is supposed to be an advantage I do not know. Perhaps we're all
supposed to print everything out instead of reading it on our
computer screens. Yeah, right. Didn't we buy these computer thingies
and get Internet connections so that we wouldn't need to use as much
paper? Oh, never mind. I can't fight this tide. So I won't go into a
long tirade about why PDF is evil, but will return to looking at SO 7
features, which is what we were talking about before we got
Another slightly less-touted feature is the ability to save files
in swf (Macromedia Flash) format, but I didn't have complete success doing this.
PPT slide saved as Flash. Not a pretty sight, is it? (below)
This slide was originally done in PowerPoint. The show that
contained it displayed flawlessly in SO 7, including animation
details that didn't show up in OOo. I chose this slide for its simplicity so that you could clearly see the poor text handling, but the presentation as a whole was one of the more
complicated slide shows I've ever seen – far more complicated
than it needed to be – but Corporate America likes that sort of
thing, and it's nice to see that SO can now provide it so smoothly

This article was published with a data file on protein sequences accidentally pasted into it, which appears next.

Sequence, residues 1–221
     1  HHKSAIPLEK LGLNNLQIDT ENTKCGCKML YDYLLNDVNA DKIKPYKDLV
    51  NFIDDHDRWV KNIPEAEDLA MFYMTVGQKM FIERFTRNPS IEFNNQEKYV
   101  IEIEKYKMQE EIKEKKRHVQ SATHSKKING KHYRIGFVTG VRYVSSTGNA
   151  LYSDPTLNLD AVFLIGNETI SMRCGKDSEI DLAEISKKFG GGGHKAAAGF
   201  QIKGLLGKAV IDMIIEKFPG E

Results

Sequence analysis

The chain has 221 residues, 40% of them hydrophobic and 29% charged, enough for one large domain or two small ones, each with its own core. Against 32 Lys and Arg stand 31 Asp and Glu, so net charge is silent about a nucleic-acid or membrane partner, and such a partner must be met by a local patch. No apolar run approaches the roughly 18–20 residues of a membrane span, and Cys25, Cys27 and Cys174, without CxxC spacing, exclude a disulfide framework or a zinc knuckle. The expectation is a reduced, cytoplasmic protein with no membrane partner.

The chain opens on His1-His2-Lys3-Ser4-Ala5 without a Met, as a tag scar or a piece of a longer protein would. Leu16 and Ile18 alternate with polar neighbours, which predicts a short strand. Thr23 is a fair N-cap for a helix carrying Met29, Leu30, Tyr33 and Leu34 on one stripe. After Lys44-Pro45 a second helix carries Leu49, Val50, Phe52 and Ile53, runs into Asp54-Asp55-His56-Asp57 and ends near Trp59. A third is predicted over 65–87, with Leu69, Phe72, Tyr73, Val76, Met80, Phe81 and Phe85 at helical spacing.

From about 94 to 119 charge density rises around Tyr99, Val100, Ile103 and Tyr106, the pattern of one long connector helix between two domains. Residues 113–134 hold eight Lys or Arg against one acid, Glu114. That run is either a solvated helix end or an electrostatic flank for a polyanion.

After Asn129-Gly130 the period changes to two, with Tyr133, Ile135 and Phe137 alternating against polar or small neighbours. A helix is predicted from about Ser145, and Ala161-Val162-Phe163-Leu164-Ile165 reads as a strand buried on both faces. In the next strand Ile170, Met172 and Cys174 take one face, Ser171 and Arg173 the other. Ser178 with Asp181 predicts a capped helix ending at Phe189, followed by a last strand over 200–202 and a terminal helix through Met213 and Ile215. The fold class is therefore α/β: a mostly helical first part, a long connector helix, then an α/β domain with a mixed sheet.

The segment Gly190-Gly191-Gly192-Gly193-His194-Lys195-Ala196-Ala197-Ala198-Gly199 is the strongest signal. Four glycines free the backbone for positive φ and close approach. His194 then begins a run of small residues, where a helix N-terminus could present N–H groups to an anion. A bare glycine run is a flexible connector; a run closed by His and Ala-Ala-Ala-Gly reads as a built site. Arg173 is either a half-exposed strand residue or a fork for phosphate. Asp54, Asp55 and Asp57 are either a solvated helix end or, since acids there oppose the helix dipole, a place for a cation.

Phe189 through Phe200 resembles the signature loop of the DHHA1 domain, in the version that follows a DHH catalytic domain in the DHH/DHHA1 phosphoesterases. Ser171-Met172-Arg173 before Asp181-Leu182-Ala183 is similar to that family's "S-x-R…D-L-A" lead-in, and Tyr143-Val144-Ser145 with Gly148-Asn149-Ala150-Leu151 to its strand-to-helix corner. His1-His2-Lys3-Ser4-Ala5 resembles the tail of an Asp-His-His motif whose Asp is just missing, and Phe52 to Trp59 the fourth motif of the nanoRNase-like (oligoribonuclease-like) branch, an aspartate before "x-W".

for slide-type presentations even though it borked rather badly when
trying to put it into the more Web-friendly Flash format.
I managed to make a simple slide sequence directly as a SO
presentation and save it as a decent Flash show -- with animations, no less -- so if you ever need to do
this sort of thing from scratch, you can easily do it with StarOffice , even if you have
trouble using SO to "translate" some PPT presentations to
Flash. I personally prefer putting slide shows online as a series of
pages with "next" and "back" buttons, because
this makes those presentations more useful for site visitors, but the
crowd that feels PDF is better than HTML for online documents also
seems to like Flash better than allowing readers to have control over
their output, so they will probably consider the ability to produce
Flash presentations an important SO feature.
Some things haven't changed
I opened several Excel-generated spreadsheets of varying
complexity. They all worked, but I saw no visible improvement over
OOo or SO 6. I am not a competent enough database person to tell you
how well the included Adabas database works, nor how well SO 7 works
with the many other databases with which it is supposed to be
compatible. I hear that the Windows version of SO can directly access
MS Access, even, but I have no way to test this. (Perhaps someone
will add an informed comment or two about SO and databases. That would be
nice.) The SO